But living as we do in a largely unbelieving and completely sinful world, we need to be careful that we don’t fall under its influence and be subverted and led away from our Christian faith.  Daniel and his three companions understood this.  Babylon was land filled with wonders.  Its armies had conquered the entire near eastern world.  The wealth of the nations was pouring into the capital, which city was filled with spectacular monuments, glorious temples and palaces, and other displays of architectural genius.  It was also the center of learning and culture, of science and technology.  Going as they did from backwater Judea to Babylon would have been like taking four peasants from a remote village in Central America today and setting them down in the midst of one of our modern cities.  The “wow factor” would have been overwhelming.  And here they are chosen to be right in the middle of it.  Despite the obvious setbacks, Daniel and the others were to be trained to serve the king as his personal advisors.  It would be like being selected to serve on the White House staff.  They were going to be part of making the most important decisions that governed the world.

 

And one of the perks of all this was to be able to enjoy dining every day in the royal mess hall.  And you’d better believe that a king like Nebuchadnezzar had the best kitchen staff imaginable.  Countless gourmet chefs, wine stewards, bakers and pastry makers turning out sumptuous delicacies morning, noon, and night; all made with the finest ingredients.  Only the best found its way to the king’s table.  And especially in the ancient world, when simply being able to eat regularly was a standard of living 95% of the population never achieved, this bonus that went with their positions would have been huge.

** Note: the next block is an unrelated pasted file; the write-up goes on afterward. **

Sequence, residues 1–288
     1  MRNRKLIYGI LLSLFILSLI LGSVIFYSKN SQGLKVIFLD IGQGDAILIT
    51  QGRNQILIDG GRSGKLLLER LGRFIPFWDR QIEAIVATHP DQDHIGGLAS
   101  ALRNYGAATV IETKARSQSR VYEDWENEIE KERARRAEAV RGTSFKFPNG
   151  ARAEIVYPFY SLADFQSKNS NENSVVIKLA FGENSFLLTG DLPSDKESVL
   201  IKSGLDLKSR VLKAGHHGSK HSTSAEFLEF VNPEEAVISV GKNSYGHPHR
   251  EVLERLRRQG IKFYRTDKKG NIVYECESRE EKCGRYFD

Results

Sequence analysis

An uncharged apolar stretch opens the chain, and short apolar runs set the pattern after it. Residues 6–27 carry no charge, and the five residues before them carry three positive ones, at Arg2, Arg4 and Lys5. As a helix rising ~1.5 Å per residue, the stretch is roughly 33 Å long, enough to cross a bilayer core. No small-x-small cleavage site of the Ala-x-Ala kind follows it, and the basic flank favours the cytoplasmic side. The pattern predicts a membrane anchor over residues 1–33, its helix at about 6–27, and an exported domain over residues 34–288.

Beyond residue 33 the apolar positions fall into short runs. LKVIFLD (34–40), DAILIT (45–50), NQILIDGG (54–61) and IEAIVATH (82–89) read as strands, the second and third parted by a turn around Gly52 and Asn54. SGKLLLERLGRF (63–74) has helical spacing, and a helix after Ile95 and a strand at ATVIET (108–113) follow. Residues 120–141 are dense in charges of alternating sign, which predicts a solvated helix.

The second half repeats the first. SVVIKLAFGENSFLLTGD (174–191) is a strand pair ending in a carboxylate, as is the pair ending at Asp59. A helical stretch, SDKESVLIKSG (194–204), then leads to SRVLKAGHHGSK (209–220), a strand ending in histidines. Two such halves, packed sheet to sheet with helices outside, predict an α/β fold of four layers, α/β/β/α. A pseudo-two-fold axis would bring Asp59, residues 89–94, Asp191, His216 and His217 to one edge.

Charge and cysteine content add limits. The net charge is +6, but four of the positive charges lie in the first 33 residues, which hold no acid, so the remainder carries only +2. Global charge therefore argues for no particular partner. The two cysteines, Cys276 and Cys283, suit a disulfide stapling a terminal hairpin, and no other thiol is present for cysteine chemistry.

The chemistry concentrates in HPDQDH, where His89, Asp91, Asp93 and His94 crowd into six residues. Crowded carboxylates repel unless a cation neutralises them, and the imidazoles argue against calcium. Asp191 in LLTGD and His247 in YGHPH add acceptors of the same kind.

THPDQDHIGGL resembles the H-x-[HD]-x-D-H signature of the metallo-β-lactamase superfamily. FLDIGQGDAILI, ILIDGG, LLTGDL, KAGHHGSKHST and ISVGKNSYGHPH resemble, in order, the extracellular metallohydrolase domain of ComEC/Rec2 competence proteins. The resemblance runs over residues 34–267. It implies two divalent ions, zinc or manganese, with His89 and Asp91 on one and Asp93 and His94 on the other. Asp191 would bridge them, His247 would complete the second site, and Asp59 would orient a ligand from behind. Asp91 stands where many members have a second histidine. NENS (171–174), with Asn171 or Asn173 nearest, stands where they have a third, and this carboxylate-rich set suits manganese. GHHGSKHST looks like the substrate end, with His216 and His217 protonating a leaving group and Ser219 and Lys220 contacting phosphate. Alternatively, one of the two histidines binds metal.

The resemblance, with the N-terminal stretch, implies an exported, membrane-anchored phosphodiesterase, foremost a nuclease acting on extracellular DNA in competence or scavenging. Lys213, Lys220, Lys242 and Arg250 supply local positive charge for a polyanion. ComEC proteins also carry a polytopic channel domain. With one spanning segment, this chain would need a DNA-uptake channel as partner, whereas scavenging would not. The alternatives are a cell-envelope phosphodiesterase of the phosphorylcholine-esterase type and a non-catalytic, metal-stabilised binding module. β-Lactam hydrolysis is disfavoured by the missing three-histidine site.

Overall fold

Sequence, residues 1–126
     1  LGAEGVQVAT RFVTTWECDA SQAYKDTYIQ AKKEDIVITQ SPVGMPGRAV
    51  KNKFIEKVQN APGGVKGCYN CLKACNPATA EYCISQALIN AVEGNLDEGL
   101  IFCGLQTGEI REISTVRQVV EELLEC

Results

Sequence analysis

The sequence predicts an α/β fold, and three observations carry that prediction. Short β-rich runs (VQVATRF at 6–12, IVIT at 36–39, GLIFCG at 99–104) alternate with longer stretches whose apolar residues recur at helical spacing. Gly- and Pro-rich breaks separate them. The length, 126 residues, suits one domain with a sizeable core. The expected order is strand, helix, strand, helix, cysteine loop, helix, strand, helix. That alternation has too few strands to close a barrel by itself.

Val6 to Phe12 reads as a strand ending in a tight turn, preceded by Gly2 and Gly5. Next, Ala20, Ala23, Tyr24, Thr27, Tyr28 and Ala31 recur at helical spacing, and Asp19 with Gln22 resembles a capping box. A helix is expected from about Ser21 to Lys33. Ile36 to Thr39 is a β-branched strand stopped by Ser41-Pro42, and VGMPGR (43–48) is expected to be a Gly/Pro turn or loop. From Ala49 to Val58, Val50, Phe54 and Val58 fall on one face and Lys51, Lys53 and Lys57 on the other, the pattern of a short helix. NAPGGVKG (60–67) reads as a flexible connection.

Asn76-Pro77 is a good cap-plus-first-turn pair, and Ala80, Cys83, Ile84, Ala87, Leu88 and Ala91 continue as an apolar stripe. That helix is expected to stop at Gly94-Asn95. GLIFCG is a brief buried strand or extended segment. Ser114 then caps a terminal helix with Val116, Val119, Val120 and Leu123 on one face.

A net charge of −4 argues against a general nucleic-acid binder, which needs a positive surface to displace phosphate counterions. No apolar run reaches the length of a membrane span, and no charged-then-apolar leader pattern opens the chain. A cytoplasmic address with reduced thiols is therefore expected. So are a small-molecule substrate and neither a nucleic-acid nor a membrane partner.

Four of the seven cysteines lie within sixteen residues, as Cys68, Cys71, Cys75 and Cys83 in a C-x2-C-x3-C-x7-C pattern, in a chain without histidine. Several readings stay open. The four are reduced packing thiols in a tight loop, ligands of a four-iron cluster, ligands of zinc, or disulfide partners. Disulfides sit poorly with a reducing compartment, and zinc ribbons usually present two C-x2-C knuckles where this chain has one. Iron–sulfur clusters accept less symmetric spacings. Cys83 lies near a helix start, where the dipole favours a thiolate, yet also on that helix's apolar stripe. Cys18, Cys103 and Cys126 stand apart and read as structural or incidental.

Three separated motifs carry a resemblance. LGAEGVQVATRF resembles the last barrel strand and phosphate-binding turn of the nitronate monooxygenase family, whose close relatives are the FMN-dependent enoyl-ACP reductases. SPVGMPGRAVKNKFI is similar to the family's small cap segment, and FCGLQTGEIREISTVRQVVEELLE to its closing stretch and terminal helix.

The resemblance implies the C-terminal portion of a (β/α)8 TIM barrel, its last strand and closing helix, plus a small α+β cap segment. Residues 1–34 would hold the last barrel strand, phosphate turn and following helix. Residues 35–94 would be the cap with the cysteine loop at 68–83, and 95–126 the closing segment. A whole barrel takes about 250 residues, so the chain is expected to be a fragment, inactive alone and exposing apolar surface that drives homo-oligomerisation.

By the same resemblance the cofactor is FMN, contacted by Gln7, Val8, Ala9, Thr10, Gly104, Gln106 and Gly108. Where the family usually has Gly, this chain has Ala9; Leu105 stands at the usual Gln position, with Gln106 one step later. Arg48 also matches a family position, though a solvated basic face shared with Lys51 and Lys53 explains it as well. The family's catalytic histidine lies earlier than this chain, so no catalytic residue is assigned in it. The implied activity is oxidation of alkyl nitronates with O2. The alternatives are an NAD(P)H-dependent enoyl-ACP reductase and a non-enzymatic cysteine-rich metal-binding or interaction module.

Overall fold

But Daniel, Shadrach, Meshach, and Abednego resolved not to defile themselves with the king’s food.  And that might strike as odd.  I mean, considering what they’d suffered, why not take advantage of the benefits to at least soften the blow a little?  Why not make the most of their situation?  Bible scholars have suggested several reasons.  The first is that it’s likely that much of the meat that came out of the king’s kitchen had been first ritually sacrificed to idols, to the false gods of Babylon.  It would have been offensive to faithful Jews to eat such meat.  The trouble with this view is that it’s likely that most of the fruits and vegetables that made their way to the king’s table were also first offered to idols.  So if their hang up was with the idolatry connected to the food, they wouldn’t have been able to eat anything at all.  Another suggestion is that as Jews, Daniel and his friends would have been subject to all the Old Testament dietary restrictions.  They were prohibited from eating meat that the Lord declared unclean like pork, shellfish, and any meat that still had blood in it.  The trouble with this idea is that it certainly would have been possible for them to eat around such menu items and only eat things that God permitted.  It also doesn’t explain why they refused the king’s wine.  There’s no such thing as unclean wine in the Bible.